To keep mine honor from corruption
 But such an honest chronicler as Griffith.
80 Whom I most hated living, thou hast made me,
 With thy religious truth and modesty,
 Now in his ashes honor. Peace be with him!—
 Patience, be near me still, and set me lower.
 I have not long to trouble thee.—Good Griffith,
85 Cause the musicians play me that sad note
 I named my knell, whilst I sit meditating
 On that celestial harmony I go to.
Sad and solemn music.
 She is asleep. Good wench, let’s sit down quiet,
 For fear we wake her. Softly, gentle Patience.
They sit.

The Vision.

Enter, solemnly tripping one after another, six
Personages clad in white robes, wearing on their
heads garlands of bays, and golden vizards on their
faces, branches of bays or palm in their hands. They

Henry VIII
ACT 4. SC. 2

first congee unto her, then dance; and, at certain
changes, the first two hold a spare garland over her
head, at which the other four make reverent curtsies.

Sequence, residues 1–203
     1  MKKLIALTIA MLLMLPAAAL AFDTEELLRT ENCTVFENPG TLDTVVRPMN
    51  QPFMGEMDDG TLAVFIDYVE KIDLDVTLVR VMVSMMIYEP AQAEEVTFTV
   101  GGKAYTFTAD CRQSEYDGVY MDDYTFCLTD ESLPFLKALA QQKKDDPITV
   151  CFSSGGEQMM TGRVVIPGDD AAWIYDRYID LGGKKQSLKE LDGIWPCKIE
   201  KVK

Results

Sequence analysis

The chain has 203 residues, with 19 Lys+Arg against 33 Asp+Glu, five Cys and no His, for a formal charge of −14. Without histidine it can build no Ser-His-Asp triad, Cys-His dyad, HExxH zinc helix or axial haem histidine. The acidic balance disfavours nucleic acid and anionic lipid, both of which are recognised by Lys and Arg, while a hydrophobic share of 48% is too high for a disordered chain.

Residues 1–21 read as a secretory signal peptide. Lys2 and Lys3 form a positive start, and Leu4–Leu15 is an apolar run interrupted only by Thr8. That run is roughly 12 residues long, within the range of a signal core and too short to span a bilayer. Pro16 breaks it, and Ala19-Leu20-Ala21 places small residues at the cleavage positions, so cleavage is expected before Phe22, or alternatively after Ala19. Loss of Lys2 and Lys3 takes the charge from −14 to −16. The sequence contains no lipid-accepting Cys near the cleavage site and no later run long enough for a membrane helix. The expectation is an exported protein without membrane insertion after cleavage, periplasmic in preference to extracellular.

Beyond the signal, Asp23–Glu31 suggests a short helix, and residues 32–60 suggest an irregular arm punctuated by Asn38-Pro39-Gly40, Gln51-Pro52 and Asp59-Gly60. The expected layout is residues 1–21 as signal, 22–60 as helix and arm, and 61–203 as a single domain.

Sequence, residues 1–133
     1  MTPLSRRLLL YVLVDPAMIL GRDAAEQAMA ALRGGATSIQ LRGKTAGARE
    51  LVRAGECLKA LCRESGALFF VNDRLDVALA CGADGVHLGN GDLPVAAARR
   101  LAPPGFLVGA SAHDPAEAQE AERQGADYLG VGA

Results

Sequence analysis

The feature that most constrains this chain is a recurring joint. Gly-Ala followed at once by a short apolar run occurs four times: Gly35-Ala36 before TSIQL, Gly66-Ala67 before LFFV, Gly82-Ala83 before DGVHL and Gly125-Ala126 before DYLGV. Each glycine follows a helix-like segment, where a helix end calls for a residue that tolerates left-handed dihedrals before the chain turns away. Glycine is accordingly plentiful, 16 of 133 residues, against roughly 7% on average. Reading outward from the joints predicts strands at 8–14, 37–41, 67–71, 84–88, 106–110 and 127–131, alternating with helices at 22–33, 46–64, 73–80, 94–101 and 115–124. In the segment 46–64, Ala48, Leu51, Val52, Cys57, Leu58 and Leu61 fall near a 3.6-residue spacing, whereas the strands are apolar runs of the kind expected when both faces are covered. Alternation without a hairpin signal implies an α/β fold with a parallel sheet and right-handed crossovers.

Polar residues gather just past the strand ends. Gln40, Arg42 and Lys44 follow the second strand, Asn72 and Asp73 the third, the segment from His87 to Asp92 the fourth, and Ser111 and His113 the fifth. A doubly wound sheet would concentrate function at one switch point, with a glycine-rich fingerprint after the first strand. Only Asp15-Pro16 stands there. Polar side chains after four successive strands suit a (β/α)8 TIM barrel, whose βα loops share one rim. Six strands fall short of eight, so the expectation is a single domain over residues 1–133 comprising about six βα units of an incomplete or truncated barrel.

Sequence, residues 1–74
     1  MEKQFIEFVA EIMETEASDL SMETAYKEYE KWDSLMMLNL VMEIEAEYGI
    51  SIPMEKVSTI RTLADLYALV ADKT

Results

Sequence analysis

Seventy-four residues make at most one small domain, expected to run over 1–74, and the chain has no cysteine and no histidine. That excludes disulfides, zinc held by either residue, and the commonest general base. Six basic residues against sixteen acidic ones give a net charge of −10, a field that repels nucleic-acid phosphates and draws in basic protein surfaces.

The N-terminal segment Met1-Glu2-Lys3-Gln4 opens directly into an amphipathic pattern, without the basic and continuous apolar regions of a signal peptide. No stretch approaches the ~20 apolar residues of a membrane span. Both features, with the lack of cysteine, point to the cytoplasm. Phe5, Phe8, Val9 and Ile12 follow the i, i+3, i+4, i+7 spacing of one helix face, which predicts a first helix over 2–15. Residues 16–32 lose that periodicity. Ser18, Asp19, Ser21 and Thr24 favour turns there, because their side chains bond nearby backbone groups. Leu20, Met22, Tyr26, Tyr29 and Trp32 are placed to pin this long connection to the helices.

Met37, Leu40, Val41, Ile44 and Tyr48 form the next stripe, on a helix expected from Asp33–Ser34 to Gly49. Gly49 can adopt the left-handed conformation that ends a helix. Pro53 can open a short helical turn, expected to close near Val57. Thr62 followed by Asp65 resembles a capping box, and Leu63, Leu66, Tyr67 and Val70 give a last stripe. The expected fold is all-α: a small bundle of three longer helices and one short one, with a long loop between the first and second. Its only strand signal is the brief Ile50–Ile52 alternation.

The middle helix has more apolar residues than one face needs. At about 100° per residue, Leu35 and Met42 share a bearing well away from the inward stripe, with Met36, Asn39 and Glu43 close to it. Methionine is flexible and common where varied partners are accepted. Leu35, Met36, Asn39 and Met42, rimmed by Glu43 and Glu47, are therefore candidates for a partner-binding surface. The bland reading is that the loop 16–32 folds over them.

Then the two that held the garland deliver the same
to the other next two, who observe the same order in
their changes and holding the garland over her head;
which done, they deliver the same garland to the last
two, who likewise observe the same order. At which,
as it were by inspiration, she makes in her sleep
signs of rejoicing and holdeth up her hands to
heaven; and so, in their dancing, vanish, carrying
the garland with them.

The music continues.
KATHERINE, waking 
90 Spirits of peace, where are you? Are you all gone,
 And leave me here in wretchedness behind you?
 Madam, we are here.
KATHERINE  It is not you I call for.
 Saw you none enter since I slept?
GRIFFITH 95 None, madam.
 No? Saw you not, even now, a blessed troop
 Invite me to a banquet, whose bright faces
 Cast thousand beams upon me, like the sun?
 They promised me eternal happiness
100 And brought me garlands, Griffith, which I feel
 I am not worthy yet to wear. I shall, assuredly.
 I am most joyful, madam, such good dreams
 Possess your fancy.
KATHERINE  Bid the music leave.